The use of robo calls to influence voters on the Regional School Unit 18 budget referendum vote may be unusual, but there’s nothing illegal about them, according to state officials.

Outspoken budget opponents who helped reject the $32.6 million proposed budget won’t release information about who organized the calls and how much money was spent on them.

School Superintendent Gary Smith said that he was surprised to hear voters had received calls from computerized phone banks with recorded messages urging them to vote against the budget. Typically they are used only in larger elections, by well-funded and well-organized campaigns.

“I have dealt with a lot of tough budgets,” Smith said. “This approach was very new.”

There’s no way to tell how many voters were influenced by the calls. In all, 1,862, or 13.65 percent, of the district’s 13,637 registered voters voted in the election. The district includes Oakland, China, Belgrade, Sidney and Rome.

Sidney Selectwoman Kelly Couture said that budget opponents paid for four 30-second recordings to be sent to telphone numbers in Belgrade, China, Oakland, Rome and Sidney.

Couture said she provided the voice for two calls, which she recorded by reading a script into an Internet-based interface.

Still, Couture said that she doesn’t know how much the calls cost, or how many residents they went to.

“I don’t know, and that’s on purpose,” she said. “I purposely didn’t want to know.”

Couture said that budget opponents have decided to avoid membership lists or group meetings.

Part of the reason, she said, is to defuse claims that a small group of individuals is unduly influencing voters. Instead, she said, it is a grassroots effort with broad support, because of the vote results and of the number of people she doesn’t know who spoke publicly against the budget proposal.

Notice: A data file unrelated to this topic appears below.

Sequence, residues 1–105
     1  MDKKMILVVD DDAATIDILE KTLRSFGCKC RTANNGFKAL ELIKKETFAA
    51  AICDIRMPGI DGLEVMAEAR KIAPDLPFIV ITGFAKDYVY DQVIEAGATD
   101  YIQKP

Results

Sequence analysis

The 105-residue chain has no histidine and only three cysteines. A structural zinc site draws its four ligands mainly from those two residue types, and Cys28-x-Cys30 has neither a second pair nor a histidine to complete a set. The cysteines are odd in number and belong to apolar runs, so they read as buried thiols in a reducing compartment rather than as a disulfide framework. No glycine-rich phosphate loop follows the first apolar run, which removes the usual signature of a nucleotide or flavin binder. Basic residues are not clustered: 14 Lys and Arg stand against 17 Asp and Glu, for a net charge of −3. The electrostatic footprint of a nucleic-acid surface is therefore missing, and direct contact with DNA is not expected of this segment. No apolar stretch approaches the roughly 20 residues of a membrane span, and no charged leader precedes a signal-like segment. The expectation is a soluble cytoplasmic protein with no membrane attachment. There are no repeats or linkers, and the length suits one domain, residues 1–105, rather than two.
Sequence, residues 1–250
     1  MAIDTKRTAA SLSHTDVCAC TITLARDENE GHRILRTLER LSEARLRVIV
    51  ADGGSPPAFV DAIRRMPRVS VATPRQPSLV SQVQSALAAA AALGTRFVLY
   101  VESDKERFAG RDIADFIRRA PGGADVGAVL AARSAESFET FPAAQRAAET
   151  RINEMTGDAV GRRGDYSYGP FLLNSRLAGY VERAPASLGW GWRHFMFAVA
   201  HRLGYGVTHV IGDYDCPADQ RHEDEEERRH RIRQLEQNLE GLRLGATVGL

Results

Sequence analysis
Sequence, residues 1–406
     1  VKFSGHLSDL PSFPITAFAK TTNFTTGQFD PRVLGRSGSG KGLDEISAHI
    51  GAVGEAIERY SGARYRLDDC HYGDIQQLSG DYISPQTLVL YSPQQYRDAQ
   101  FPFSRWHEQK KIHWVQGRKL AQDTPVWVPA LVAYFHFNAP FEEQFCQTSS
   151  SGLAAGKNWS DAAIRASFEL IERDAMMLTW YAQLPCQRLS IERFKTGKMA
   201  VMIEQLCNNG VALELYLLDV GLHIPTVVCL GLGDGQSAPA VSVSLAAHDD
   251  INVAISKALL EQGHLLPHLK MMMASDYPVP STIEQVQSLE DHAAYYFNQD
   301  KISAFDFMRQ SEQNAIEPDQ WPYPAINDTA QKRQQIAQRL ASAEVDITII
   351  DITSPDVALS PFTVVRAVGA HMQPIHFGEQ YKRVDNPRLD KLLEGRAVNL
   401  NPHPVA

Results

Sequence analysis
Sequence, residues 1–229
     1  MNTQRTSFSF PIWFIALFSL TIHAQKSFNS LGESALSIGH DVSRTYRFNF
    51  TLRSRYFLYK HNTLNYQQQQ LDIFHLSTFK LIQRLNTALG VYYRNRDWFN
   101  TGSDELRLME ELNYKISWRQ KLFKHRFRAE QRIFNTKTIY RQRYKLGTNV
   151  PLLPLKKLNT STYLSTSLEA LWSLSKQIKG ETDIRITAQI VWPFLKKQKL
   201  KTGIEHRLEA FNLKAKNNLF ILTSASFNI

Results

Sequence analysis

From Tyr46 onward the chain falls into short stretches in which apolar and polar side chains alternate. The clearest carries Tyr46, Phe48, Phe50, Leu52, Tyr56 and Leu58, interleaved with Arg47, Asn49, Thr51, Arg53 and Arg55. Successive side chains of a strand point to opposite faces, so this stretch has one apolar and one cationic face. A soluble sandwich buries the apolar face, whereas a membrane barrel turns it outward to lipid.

She also said the lack of a membership list helps to protect some budget opponents from criticism and personal attacks.

With no organizational structure, pulling off a costly robo call campaign is more difficult.

Couture referred to a local man who organized the phone calls, and paid for them with donations from individuals throughout the five towns as “the keeper of the money.”

Couture contributed $75 to the robo call fund in two payments and was a conduit for another donation.

“Somebody handed me money and I just passed it along without even looking at it,” Couture said.

Couture did not want to identify the man who collected the money to make the calls. She forwarded an interview request to him, but he did not come forward.

Information or misinformation?

Laura Tracy, the school board chair, felt that the robo calls were harmful to understanding the district’s budget situation.

“It’s unfortunate, because a lot of the information was misleading to the public, and inaccurate,” she said.

Couture said the calls are simply a way to disseminate more information to more people.

“They’re not harmful, they’re helpful,” she said. “It’s important for the voters to have all the information.”

She said one phone message told residents that taxes would rise if the budget passed, but she wasn’t familiar with all of them.

Belgrade Selectman Penny Morrell, who was also involved with the robo calls, said they balance the school district’s All Call System, used to notify subscribers of school news, including budget votes.

While the information is impartial, the large majority of All Call System subscribers are parents, teachers and school employees.

“They’re only reaching out to the people that would support what they’re doing,” Morrell said.

Anyone in the community can request to be included in the All Call System, but few unaffiliated people do so.

Robo calls legal

The law seems to have a blind spot when it comes to money spent in school district elections.

Ordinarily, when a municipal election involves a population of more than 15,000 people, state election laws apply. Then, a group that raises money and engages in coordinated political campaigning might need to register as a Political Action Committee, according to Matt Marette of the state’s ethics commission.

But since the school district’s population is spread among the district’s five towns, Maine election laws don’t apply, he said.

The Department of Education doesn’t restrict campaign fundraising either, said spokesman David Connerty-Marin.

“There’s nothing in the education law that would prevent that,” he said.

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